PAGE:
The Fame Behind Gustav Klimt's The Kiss Painting
Vienna’s most renowned artist of the era, Gustav Klimt is still remembered as one of the greatest decorative painters of the twentieth century. Known for a highly personal, eclectic and often fantastic style, he was seen as an artist far ahead of his time. Today, many of his canvases are considered masterpieces, though The Kiss by Klimt, a particularly exquisite piece, seems to float above the rest.
Created during the height of Klimt’s “Golden Period”, it has enchanted audiences since its completion in 1908. A deceptively simple portrait of lust and love, it depicts a couple embracing, their bodies entwined in richly embellished robes. Hanging in the Österreichische Galerie Belvedere museum in the Viennese Belvedere Palace, it attracts hundreds of thousands of visitors each year with its powerful presence.
The Golden Period
A co-founder and a leading member of the Vienna Secession, the Austrian artist Gustav Klimt ensured that this arts movement would become widely influential. Despite not having a genuine manifest, the group’s founding principles were to provide young and unconventional artists with an outlet to show their work, to expose Vienna to the great works of foreign artists and to publish a periodical titled Ver Sacrum which would make the artworks of the members visible. Bringing together all Naturalists, Realists and Symbolists to work together and extend their vocabularies in different directions, the group attempted to keep art above the realm of commercial concerns.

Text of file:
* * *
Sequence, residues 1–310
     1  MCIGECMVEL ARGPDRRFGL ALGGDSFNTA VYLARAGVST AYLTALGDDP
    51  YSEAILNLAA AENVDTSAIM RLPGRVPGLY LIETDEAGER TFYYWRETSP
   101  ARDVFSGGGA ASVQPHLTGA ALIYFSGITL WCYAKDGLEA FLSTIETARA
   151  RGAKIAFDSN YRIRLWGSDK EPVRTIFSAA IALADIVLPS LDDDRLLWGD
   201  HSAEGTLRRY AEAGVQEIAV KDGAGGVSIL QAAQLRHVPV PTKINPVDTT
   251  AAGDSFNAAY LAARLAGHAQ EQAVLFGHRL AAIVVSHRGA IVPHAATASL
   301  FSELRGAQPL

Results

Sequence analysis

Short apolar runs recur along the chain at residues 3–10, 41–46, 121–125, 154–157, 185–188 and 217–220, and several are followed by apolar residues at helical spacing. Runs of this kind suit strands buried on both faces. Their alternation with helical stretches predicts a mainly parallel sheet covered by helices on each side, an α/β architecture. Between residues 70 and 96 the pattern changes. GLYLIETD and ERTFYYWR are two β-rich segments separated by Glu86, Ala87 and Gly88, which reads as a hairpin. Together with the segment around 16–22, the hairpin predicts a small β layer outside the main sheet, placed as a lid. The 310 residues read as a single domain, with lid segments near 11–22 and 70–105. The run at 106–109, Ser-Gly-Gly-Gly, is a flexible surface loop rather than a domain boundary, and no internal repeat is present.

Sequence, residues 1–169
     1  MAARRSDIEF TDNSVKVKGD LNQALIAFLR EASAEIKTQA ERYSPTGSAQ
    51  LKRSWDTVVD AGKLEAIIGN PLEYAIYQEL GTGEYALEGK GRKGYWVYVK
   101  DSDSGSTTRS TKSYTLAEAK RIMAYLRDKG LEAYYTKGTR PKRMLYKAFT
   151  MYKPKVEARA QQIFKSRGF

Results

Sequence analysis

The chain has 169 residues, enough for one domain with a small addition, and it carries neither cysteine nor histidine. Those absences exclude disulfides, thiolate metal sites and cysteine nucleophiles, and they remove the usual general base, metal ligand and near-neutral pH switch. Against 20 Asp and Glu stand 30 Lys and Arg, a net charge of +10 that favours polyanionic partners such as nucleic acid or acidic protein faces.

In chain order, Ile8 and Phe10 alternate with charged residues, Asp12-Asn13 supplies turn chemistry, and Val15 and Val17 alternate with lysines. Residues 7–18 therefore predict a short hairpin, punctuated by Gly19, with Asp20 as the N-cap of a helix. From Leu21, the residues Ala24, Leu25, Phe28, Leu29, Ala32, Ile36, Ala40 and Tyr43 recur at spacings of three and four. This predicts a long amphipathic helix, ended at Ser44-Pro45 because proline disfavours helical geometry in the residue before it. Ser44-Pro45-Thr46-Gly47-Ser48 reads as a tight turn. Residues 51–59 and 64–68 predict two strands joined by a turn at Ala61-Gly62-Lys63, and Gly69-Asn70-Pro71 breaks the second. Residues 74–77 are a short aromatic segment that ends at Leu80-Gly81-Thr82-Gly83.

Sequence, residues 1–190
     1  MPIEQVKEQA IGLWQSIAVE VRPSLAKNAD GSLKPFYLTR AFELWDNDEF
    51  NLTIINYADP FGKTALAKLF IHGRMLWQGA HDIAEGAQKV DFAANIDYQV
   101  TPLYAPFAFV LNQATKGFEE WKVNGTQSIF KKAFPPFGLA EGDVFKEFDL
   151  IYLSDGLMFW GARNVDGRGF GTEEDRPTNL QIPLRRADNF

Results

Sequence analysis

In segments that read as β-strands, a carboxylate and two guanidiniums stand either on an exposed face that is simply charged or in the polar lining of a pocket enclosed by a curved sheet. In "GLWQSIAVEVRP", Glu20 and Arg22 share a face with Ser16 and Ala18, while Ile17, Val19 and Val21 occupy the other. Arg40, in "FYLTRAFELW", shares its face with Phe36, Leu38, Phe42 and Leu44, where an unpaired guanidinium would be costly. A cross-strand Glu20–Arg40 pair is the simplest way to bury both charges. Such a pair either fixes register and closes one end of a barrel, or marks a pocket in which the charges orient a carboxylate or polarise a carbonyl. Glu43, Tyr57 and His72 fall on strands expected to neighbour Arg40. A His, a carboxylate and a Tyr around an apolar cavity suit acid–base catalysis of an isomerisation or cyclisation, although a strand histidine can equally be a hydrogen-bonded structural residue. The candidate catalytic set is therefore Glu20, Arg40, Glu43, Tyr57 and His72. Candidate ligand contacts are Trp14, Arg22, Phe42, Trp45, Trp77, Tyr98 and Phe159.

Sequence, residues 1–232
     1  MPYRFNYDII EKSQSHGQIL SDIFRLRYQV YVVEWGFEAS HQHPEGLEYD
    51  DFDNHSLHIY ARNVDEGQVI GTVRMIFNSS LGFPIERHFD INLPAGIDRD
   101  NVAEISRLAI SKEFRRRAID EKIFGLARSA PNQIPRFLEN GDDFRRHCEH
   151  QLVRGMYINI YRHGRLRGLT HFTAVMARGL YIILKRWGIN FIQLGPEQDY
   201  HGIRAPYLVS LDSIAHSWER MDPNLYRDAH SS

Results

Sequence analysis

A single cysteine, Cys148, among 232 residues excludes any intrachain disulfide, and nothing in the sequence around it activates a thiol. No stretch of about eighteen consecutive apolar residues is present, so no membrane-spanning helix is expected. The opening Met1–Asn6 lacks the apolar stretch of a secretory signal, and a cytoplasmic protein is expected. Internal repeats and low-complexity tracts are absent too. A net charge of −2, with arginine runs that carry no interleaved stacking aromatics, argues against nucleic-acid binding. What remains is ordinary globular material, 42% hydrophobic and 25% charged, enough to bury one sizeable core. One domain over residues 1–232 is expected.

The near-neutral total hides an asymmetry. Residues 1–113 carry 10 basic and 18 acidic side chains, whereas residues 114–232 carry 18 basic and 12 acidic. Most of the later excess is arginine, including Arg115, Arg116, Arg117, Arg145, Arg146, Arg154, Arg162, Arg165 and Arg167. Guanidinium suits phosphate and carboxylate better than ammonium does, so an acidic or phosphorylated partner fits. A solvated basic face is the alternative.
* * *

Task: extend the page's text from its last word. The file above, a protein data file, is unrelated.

It was in these unbiased circumstances that Klimt created his Secessionists pieces, transforming traditional allegory and symbolism into a new language that was more overtly sexual and hence more disturbing to some.
In 1903, Klimt traveled twice to Ravenna, where he saw mosaics of San Vitale, whose Byzantine influence was apparent in the paintings of what would become known as his “Golden Period”. He started producing works featuring pronounced planes and delicate detailing made of gold leaf, at the same time reflecting the metalwork of his father and younger brother Ernst, who have both died a decade earlier. In this period, the artist moved towards greater stability through static, inorganic forms, with gilding giving each piece a glimmering appearance.
Representing the pinnacle of this period, Gustav Klimt’s The Kiss represents the mystical union of spiritual and erotic love and the merging of the individual with the eternal cosmos, a theme previously explored in works such as The Beethoven Frieze and The Tree of Life.
The Subject Matter of The Kiss by Klimt
The subject matter of Gustav Klimt’s The Kiss is rather simple – it depicts a couple locked in an intimate embrace on the edge of a flowery meadow. The couple and the surrounding landscape are exquisitely rendered in a two-dimensional pattern.
The male figure, wearing a geometrically-printed robe, which suggests his dominant male force, and a crown of vines on his head, gently cradles the woman’s face. His face is obscured as he leans to kiss her. The female figure, dressed in a contrasting organically patterned dress, is wrapping one arm around her partner’s neck, while the other rests gently on his hand. Her eyes are peacefully closed, emphasizing the tranquility and intimacy of the scene. Her female energy is emphasized with a spinning circle of bright floral motifs and upward-flowing wavy lines.
The woman is being absorbed by the man, while both figures are engulfed by the body of gold in which they lie. These fine art materials, particularly gold and silver leaf, are used to highlight the sacred nature of human relationships and the bond between sensual lovers, a key theme underlining much of Art Nouveau.
Reflecting the artist’s fascination with eroticism, the work is renowned for its tender representation of the female model. In its tenderness, expressed in the figure’s delicate hands and dreamy face, the painting deviates from Klimt’s typical portrayal of woman as distant femme fatales, placing the female subject as a protagonist, rather than merely the object of desire.